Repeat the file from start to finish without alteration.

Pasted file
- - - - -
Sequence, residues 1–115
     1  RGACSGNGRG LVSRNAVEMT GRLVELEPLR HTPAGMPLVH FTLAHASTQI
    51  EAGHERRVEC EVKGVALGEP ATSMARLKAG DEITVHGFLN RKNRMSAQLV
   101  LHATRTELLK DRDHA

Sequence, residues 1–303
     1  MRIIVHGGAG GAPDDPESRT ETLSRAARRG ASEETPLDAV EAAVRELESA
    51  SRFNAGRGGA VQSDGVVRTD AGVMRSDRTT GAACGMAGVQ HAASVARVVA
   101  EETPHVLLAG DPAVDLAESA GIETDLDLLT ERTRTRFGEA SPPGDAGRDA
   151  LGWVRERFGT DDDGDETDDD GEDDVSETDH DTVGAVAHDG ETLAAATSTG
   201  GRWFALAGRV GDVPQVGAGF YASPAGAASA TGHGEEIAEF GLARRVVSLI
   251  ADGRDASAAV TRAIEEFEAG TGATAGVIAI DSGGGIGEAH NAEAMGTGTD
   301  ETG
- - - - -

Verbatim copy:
Sequence, residues 1–115
     1  RGACSGNGRG LVSRNAVEMT GRLVELEPLR HTPAGMPLVH FTLAHASTQI
    51  EAGHERRVEC EVKGVALGEP ATSMARLKAG DEITVHGFLN RKNRMSAQLV
   101  LHATRTELLK DRDHA

Sequence, residues 1–303
     1  MRIIVHGGAG GAPDDPESRT ETLSRAARRG ASEETPLDAV EAAVRELESA
    51  SRFNAGRGGA VQSDGVVRTD AGVMRSDRTT GAACGMAGVQ HAASVARVVA
   101  EETPHVLLAG DPAVDLAESA GIETDLDLLT ERTRTRFGEA SPPGDAGRDA
   151  LGWVRERFGT DDDGDETDDD GEDDVSETDH DTVGAVAHDG ETLAAATSTG
   201  GRWFALAGRV GDVPQVGAGF YASPAGAASA TGHGEEIAEF GLARRVVSLI
   251  ADGRDASAAV TRAIEEFEAG TGATAGVIAI DSGGGIGEAH NAEAMGTGTD
   301  ETG